The Yeoh Tiong Lay Centre for Politics, Philosophy and Law will welcome Prof. Paul Russell (Lund) to King's next month to deliver the closing lecture of the 2022/23 Series in Practical Agency.
'Morality' and Responsibility Skepticism
This paper considers the relationship between two important developments in the contemporary discussion of moral responsibility. The first concerns Bernard Williams critique of “Morality” and its "peculiar" conception of moral responsibility (along with "the blame system" that is associated with it). The second concerns two particularly influential arguments that have been advanced in support of skepticism about moral responsibility: Galen Strawson’s “Basic Argument” and Derk Pereboom’s “Hard Incompatibilism”.
The question we begin with is how are these various skeptical arguments or views related to each other? On the face of it, they converge on the same skeptical conclusion about moral responsibility. There are, however, important points of disagreement and divergence. Although Williams rejects “Morality” and its particular understanding of moral responsibility, he nevertheless rejects global or unqualified skepticism about moral responsibility. In fact, Williams takes global skepticism about moral responsibility to be a product of “Morality’s” illusory and false understanding of our human ethical predicament.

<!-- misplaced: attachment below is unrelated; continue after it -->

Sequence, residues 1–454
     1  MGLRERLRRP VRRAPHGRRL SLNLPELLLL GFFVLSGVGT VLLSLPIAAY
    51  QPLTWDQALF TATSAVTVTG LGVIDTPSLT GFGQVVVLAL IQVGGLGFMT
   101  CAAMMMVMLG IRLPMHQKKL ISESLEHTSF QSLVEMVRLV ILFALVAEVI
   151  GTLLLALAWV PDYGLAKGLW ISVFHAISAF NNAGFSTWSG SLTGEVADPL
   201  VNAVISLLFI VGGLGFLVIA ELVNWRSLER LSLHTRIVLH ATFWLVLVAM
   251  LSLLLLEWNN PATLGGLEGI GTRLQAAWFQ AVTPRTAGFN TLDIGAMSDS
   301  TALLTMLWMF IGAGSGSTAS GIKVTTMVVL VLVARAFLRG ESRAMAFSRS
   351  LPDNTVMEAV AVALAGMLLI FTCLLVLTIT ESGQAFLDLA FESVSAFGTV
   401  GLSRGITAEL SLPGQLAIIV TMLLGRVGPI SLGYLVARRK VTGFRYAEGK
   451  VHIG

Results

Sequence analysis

In contrast with this, both the “Basic Argument” and “Hard Incompatibilism” endorse global or unqualified skepticism about moral responsibility - the claim that there is no “true” or “genuine” moral responsibility. The source of this (unqualified) skepticism, it is argued, is their shared commitment to “the morality system”. Read this way, the skeptical arguments that Galen Strawson and Derk Pereboom have advanced, while they appear to reject “Morality”, actually rest upon its assumptions and aspirations. In rejecting “Morality”, therefore, we reject the very basis of these highly influential and current statements of responsibility skepticism.
Paul Russell is Professor of Philosophy at Lund University, where he also serves as Director of the Lund|Gothenburg Responsibility Project (LGRP). Prior to this he has held positions at the University of British Columbia and Gothenburg University, as well as visiting appointments in philosophy at Virginia, Stanford, Pittsburgh and North Carolina at Chapel Hill.
His interests cover the areas of free will and moral responsibility, along with topics in early modern philosophy, where he has a special interest in the philosophy of David Hume. Within the area of free will and moral responsibility he is especially interested in the challenge of scepticism and theories of responsibility that appeal to reactive attitudes or moral sentiments.
Paul Russell is the author of four books, including The Limits of Free Will: Selected Essays (Oxford University Press, 2017) and Freedom and Moral Sentiment: Hume's Way of Naturalizing Responsibility (Oxford University Press, 1995).